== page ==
MFP payments help, but crop marketing is critical
Farmers are headed to their local USDA Farm Service Agency (FSA) office in August to sign-up for the new Market Facilitation Program (MFP). Those payments will be made on 2019 corn and soybean planted acres on a farm, not to exceed 2018 plantings.
Payments will vary by county with a statewide range between $40 and $79 per acre and an average of $66 per acre. The first payment will be comprised of 50 percent of a farm’s payment rate. Total MFP payments will potentially be made in three portions, depending on the status of Chinese tariffs placed on U.S. agricultural products. If conditions warrant, the second and third payments of 25 percent each are planned for November and January, respectively.
These MFP payments will be welcome by most all farmers. However, even if all 3 payments are eventually made, they reflect less than 15 percent of that farm’s likely 2019 total crop revenue. These new MFP payments on a per bushel basis should be added to the farm’s final cash prices received. Consider the statewide average payment of $66 per acre. A full payment would reflect roughly $.36 per bushel on 180 bushels per acre final corn yield. For soybeans, the total MFP payment would reflect about $1.32 per bushel on 50 bushels per acre final yield.
Crop insurance may be another source of crop revenue with the potential for crop insurance indemnity payments. Claims could be larger this fall with not only the uncertainty of final crop yields, but harvest prices determined in the month of October. Most all farmers are using crop revenue protection that guarantees the farm’s actual production history (APH) and the higher of the spring projected price or harvest price. Those spring projected prices were $4 per bushel for corn and $9.53 per bushel for soybeans, respectively. Most farms insure their farm’s revenue at the 80 to 85 percent coverage level. Lower final yields at harvest along with lower harvest prices could trigger crop insurance indemnity payments.
Marketing the crop and the final cash prices received will be the final step to determine whether row crop farming was profitable in 2019. Farmers should have started the spring by developing a crop marketing plan, preferably in writing. It should have contained both reasonable futures and cash price objectives. Farmers could then pre-harvest market a portion of their new crop corn bushels during the growing season when futures prices were above the projected spring price. Those farmers could then deliver these priced bushels at or shortly after harvest and avoid additional storage costs and interest charges while generating necessary cash flow needs.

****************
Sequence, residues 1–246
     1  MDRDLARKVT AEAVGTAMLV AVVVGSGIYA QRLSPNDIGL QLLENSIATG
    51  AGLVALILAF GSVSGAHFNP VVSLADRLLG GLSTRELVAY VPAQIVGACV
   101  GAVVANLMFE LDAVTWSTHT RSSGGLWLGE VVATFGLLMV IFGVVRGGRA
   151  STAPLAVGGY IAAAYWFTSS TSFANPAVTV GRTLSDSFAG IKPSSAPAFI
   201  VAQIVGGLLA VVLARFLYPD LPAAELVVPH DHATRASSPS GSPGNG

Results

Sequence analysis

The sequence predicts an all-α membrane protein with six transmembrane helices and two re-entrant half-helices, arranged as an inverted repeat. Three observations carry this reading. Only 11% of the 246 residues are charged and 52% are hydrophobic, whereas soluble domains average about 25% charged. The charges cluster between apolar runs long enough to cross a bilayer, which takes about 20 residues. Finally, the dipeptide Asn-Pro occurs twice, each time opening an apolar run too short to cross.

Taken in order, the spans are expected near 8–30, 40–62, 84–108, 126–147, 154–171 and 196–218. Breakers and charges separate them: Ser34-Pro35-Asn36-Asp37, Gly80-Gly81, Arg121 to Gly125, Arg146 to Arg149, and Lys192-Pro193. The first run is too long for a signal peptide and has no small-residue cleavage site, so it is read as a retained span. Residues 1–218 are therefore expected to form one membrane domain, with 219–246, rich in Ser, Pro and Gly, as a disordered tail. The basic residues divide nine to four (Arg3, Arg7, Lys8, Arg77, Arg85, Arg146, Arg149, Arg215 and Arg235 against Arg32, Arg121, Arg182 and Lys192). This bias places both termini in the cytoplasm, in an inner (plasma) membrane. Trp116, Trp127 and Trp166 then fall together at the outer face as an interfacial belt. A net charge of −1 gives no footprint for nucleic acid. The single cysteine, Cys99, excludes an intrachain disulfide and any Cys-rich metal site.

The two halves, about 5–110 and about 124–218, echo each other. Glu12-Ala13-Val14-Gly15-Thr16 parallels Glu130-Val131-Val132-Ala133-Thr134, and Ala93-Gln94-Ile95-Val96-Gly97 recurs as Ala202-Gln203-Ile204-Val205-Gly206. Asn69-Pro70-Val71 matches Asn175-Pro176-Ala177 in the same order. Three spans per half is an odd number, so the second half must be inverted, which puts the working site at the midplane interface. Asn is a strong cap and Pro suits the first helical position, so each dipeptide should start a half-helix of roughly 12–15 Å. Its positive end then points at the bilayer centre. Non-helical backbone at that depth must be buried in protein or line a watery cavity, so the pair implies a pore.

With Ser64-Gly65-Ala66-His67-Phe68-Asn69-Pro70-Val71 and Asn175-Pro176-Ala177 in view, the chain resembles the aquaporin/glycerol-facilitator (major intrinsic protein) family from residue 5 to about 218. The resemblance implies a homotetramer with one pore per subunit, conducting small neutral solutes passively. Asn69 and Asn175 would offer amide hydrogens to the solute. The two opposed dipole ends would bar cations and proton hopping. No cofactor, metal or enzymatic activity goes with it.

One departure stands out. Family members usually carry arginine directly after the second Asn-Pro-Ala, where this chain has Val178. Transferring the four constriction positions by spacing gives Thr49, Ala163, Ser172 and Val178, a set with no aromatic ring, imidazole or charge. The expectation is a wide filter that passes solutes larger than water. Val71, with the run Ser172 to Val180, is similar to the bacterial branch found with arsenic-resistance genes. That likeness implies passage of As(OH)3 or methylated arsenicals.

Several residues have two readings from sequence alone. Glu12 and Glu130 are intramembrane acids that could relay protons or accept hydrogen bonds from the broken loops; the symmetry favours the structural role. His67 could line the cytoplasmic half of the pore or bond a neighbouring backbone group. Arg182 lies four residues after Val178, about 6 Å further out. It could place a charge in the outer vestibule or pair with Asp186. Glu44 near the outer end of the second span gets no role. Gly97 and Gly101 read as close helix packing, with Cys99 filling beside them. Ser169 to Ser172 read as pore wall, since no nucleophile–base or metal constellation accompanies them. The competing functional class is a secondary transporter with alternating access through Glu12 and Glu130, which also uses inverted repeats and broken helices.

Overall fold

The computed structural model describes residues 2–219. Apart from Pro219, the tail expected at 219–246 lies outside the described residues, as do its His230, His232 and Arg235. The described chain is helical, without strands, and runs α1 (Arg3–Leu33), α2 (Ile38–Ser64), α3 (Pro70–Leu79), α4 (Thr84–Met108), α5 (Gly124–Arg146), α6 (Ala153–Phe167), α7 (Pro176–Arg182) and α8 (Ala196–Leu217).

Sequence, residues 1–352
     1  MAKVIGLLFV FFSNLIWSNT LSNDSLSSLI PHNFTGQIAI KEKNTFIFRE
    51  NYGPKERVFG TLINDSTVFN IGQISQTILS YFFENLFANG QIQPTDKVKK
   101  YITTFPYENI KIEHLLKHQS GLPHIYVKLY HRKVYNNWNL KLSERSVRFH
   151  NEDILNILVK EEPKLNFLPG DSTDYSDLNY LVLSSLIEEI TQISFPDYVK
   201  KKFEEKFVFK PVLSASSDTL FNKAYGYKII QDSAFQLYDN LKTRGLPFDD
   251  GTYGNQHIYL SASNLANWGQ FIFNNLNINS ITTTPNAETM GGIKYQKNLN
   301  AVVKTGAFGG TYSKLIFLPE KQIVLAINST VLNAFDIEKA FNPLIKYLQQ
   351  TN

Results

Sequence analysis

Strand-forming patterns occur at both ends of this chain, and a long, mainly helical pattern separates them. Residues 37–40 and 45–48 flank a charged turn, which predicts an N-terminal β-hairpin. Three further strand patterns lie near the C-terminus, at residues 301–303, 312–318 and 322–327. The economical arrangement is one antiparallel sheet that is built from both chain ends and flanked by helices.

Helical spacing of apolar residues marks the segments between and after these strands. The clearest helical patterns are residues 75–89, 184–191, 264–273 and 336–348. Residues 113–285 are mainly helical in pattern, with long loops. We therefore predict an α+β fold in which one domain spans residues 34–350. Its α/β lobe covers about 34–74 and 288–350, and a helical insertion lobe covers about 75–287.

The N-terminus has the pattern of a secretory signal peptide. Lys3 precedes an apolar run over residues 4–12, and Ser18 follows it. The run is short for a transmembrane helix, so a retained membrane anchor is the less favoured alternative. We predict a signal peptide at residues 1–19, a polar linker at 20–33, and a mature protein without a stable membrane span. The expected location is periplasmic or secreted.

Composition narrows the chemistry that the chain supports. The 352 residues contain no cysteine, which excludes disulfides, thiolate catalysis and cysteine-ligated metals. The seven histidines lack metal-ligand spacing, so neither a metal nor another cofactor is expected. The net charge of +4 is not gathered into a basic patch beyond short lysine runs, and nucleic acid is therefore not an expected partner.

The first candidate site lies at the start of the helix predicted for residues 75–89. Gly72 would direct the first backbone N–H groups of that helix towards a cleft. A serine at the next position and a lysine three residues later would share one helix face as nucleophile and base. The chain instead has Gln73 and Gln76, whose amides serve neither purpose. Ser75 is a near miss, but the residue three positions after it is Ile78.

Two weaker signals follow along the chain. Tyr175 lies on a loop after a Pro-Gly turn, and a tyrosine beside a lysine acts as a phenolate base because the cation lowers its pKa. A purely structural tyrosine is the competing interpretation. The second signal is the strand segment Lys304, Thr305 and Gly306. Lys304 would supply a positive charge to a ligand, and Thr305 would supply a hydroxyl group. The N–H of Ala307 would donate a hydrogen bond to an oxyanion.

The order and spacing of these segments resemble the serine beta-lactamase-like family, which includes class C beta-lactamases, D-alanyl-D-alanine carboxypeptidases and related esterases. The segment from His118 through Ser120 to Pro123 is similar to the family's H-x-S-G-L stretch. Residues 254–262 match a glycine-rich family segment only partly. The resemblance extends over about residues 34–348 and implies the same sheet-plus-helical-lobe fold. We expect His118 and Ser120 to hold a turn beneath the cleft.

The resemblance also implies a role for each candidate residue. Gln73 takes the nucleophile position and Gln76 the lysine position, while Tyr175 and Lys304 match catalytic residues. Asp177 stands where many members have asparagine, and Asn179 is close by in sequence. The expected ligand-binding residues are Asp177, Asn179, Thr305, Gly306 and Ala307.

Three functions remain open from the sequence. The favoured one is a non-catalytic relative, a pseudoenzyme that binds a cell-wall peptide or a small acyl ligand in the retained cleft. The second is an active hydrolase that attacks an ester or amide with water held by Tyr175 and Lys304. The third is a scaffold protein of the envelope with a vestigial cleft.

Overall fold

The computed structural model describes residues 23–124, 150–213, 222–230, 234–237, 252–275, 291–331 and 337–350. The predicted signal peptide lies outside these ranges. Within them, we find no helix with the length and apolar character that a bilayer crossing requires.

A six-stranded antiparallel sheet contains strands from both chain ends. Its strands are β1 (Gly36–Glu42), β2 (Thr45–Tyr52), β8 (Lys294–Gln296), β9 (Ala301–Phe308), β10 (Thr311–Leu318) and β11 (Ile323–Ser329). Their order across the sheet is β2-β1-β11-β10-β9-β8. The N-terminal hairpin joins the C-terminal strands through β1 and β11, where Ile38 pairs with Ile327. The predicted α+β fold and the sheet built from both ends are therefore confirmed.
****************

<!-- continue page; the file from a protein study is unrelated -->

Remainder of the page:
Farmers are encouraged to use a variety of marketing tools to spread their price risk and attempt to time their sales when futures prices are high. The most critical time is usually the spring months. Then lock in harvest delivery basis early or deliver the corn shortly after harvest when basis strengthens. Corn futures will likely lack carry and expect some of the most attractive harvest basis bids in the past 4 years.
Pre-harvest marketing soybeans at attractive futures prices has been more challenging. Consider focusing on the January 2020 soybean futures contract that could allow more time for a futures price rally impacted by both the uncertainty of U.S. production as well as South American planting conditions. On-farm storage typically used for corn might have to be used for unpriced soybeans. A large carry exists in soybean futures, along with extremely wide basis.
Don’t forget to combine your new MFP payments to your final cash prices received.
For more information and tools on marketing grain, check out ISU’s Ag Decision Maker at www.extension.iastate.edu/agdm/cdmarkets.html
Steve Johnson is an Iowa State University Extension and Outreach farm management specialist. He can be reached at firstname.lastname@example.org.
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